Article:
Five-Year Review: State Party Albania was among the first 30 ratifications that triggered entry into force of the convention on 1 August 2010. It views existing legislation as sufficient to ensure its implementation of the convention. Albania has participated in all of the convention’s international meetings, serves as the convention’s co-coordinator on stockpile destruction and retention, and has condemned the use of cluster munitions in Syria and elsewhere.
In its initial transparency report for the convention provided in 2011, Albania confirmed that it has never used, produced, or stockpiled cluster munitions.
The Republic of Albania signed the Convention on Cluster Munitions on 3 December 2008 and ratified on 16 June 2009. It was among the first 30 ratifications that triggered entry into force of the convention on 1 August 2010.
After conducting a legislative review, Albania reported in 2013 that it considers existing legislation sufficient to implement the convention’s provisions.
Albania submitted its initial Article 7 report for the convention in January 2011 and has provided annual updated reports ever since, most recently in May 2015.
Albania actively participated in the Oslo Process that led to the creation of the convention and made many strong contributions from the perspective of a state affected by cluster munitions.
Albania engages in the work of the Convention on Cluster Munitions. It has participated in every Meeting of States Parties of the convention, including the Fifth Meeting of States Parties in San José, Costa Rica in September 2014. It has attended all of the convention’s intersessional meetings held in Geneva since 2011, most recently in June 2015.
Albania has also participated in regional workshops on the convention. It attended a mine action symposium in Biograd, Croatia on 27–29 April 2015 that included discussion on cluster munitions.
Albania has served as the convention’s co-coordinator on stockpile destruction and retention since September 2013, together with Spain until 2014, and now France.
In September 2014, Albania condemned the use of cluster munitions “in any conflicts.” It did not make a statement to condemn the use of cluster munitions at the intersessional meetings in June 2015.
Albania has condemned the use of cluster munitions in Syria on a number of occasions since 2013. It voted in favor of two Human Rights Council resolutions in 2015 that condemned the use of cluster munitions in Syria, most recently on 2 July 2015. It has also voted in favor of recent UN General Assembly (UNGA) resolutions condemning the use of cluster munitions in Syria, including Resolution 69/189 on 18 December 2014, which expressed “outrage” at the continued use.
Albania has yet to elaborate its views on certain important issues related to interpretation and implementation of the convention, such as the prohibition on transit, the prohibition on assistance during joint military operations with states not party that may use cluster munitions, the prohibition on foreign stockpiling of cluster munitions, the prohibition on investment in production of cluster munitions, and the need for retention of cluster munitions and submunitions for training and development purposes.
Albania is a State Party to the Mine Ban Treaty. It is also party to the Convention on Conventional Weapons.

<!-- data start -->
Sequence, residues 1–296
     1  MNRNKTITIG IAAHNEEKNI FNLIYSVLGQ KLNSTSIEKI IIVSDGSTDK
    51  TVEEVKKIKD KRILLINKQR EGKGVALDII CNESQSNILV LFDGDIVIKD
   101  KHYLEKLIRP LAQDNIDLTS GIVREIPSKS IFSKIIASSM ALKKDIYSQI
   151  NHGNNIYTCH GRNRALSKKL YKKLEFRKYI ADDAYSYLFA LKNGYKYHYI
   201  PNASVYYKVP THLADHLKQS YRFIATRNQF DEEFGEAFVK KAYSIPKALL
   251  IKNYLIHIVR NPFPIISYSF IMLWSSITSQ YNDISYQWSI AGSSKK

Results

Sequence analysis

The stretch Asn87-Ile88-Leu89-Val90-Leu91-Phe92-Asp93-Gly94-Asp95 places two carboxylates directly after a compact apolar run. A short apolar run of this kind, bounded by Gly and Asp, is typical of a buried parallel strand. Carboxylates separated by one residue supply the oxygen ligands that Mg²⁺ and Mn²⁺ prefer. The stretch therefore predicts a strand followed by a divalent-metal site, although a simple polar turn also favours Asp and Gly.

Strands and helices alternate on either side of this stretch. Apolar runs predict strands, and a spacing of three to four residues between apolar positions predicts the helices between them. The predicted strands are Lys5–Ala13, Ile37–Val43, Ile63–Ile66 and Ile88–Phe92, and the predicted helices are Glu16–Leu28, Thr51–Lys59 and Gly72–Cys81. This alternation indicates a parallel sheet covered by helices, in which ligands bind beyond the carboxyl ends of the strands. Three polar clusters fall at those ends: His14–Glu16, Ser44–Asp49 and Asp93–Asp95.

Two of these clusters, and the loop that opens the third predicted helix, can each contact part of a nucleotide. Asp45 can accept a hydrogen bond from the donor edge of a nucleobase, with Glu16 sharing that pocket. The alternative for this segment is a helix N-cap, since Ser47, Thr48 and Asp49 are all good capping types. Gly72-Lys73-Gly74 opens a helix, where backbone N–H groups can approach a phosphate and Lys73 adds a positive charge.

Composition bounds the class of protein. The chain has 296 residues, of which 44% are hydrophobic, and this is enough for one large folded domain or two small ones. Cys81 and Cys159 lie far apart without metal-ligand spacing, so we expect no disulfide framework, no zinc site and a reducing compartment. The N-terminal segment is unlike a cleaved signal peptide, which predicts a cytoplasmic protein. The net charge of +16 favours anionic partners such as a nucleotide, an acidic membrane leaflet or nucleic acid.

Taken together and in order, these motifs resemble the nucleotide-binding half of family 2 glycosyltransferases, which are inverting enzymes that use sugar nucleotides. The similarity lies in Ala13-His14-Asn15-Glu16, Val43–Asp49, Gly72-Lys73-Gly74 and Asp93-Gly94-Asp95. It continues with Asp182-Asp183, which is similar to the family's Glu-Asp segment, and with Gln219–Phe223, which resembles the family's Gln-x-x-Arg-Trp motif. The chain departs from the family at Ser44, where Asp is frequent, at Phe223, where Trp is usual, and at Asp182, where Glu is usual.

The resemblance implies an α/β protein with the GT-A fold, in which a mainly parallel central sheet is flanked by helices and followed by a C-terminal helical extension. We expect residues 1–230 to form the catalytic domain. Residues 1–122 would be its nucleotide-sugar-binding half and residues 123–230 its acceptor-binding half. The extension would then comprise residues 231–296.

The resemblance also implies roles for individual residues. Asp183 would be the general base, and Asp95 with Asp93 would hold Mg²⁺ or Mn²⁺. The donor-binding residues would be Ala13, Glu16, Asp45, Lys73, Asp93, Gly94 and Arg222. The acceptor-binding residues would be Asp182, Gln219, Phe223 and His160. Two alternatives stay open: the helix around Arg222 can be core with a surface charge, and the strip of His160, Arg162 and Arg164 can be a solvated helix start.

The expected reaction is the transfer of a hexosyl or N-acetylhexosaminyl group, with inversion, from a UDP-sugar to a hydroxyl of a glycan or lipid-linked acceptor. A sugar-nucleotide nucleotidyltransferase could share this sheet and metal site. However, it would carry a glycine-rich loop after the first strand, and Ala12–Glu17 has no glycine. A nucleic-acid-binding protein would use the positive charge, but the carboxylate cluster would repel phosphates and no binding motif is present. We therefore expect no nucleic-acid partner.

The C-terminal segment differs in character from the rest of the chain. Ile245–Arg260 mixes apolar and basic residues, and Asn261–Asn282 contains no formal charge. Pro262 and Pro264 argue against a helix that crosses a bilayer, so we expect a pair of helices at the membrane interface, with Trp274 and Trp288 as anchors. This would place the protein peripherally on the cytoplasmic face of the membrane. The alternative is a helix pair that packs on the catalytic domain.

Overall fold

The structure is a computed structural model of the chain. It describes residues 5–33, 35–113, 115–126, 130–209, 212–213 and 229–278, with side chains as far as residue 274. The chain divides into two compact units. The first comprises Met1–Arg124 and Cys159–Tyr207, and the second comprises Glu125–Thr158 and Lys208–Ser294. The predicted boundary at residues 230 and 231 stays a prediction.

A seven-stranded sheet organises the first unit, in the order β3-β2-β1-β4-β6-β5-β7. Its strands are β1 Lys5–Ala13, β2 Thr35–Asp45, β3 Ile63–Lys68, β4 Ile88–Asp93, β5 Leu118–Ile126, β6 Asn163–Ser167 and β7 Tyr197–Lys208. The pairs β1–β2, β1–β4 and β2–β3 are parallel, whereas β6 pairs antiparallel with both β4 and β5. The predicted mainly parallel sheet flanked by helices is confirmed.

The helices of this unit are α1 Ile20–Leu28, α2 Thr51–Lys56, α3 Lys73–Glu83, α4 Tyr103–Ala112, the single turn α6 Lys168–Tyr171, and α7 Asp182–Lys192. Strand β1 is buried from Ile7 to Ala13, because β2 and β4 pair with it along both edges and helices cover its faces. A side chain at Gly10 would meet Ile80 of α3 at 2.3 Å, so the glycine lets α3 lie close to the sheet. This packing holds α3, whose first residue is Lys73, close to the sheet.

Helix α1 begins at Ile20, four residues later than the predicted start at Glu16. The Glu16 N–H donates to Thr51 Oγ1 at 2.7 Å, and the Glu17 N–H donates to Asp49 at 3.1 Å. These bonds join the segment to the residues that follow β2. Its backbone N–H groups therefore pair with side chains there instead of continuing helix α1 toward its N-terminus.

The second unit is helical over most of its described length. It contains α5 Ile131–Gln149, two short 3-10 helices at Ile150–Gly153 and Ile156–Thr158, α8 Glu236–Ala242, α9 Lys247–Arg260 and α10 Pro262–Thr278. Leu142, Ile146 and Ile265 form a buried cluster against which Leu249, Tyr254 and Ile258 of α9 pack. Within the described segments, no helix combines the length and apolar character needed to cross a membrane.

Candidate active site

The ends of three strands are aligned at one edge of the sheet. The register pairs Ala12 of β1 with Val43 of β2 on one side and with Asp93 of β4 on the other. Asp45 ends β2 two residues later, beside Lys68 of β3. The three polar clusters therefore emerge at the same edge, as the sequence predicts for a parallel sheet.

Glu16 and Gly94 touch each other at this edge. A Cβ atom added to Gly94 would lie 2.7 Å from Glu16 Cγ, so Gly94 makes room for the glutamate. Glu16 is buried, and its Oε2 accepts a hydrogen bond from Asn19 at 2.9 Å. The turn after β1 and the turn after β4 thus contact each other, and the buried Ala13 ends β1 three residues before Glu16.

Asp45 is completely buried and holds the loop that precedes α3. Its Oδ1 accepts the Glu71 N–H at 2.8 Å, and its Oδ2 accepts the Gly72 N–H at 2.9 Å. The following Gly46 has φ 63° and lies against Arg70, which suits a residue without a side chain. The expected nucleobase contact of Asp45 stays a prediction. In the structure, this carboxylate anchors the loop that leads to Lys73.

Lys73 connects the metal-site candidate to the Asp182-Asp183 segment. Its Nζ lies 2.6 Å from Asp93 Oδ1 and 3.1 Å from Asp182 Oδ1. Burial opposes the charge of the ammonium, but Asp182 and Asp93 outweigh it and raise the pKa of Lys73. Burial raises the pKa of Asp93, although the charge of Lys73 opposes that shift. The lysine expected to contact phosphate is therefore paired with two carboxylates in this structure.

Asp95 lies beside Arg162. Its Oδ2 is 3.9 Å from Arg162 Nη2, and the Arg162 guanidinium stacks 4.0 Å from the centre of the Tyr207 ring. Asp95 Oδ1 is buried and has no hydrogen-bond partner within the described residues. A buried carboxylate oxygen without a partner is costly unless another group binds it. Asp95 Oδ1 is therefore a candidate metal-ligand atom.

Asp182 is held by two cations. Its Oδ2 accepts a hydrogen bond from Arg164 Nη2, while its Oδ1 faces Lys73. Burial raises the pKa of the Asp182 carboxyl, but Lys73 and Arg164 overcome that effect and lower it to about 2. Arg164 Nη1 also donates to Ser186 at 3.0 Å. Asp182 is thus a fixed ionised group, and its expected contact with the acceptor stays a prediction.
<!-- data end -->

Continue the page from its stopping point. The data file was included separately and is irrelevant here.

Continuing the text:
Production, transfer, use, and stockpiling
Cluster munitions were used in Albania in 1999 by forces of the former Socialist Republic of Yugoslavia and by states participating in the NATO operation. In December 2009, Albania announced it had completed the clearance of all known cluster munition remnants on its territory.
 The initial report is for the period from 1 August 2010 to 31 December 2010, while subsequent updated annual reports cover the previous calendar year. Albania’s 2015 Article 7 report is dated 15 March 2015 but was listed on the UN website as received on 7 May 2015.
 For details on Albania’s cluster munition policy and practice up to early 2009, see Human Rights Watch and Landmine Action, Banning Cluster Munitions: Government Policy and Practice (Ottawa: Mines Action Canada, May 2009), pp. 28–29.
 Statement of Albania, Convention on Cluster Munitions Fifth Meeting of States Parties, San José, 2 September 2014.
 Statement of Albania, Convention on Cluster Munitions Fourth Meeting of States Parties, Lusaka, 10 September 2013.
 See, “The grave and deteriorating human rights and humanitarian situation in the Syrian Arab Republic,” Human Rights Council Resolution A/HRC/29/L.4, 2 July 2015; “The continuing grave deterioration in the human rights and humanitarian situation in the Syrian Arab Republic,” UN Human Rights Council Resolution A/HRC/RES/28/20, 27 March 2015; “The continuing grave deterioration in the human rights and humanitarian situation in the Syrian Arab Republic,” UN Human Rights Council Resolution A/HRC/RES/26/23, 27 June 2014; “The continuing grave deterioration of the human rights and humanitarian situation in the Syrian Arab Republic,” UN Human Rights Council Resolution A/HRC/RES/25/23, 28 March 2014.
 “Situation of human rights in the Syrian Arab Republic,” UNGA Resolution A/RES/69/189, 18 December 2014. Albania voted in favor of similar resolutions on 15 May and 18 December 2013.
 Convention on Cluster Munitions Article 7 Report, Forms B and E, 27 January 2011.
 Statement by Lulzim Basha, Convention on Cluster Munitions Signing Conference, Oslo, 3 December 2008.
 Ibid.; and Rosy Cave, Anthea Lawson, and Andrew Sheriff, Cluster Munitions in Albania and Lao PDR: The Humanitarian and Socio-Economic Impact (Geneva: UN Institute for Disarmament Research, 2006), p. 7.
 Statement by Arian Starova, Mine Ban Treaty Second Review Conference, Cartagena, 3 December 2009; and Convention on Cluster Munitions Article 7 Report, Form F, 27 January 2011.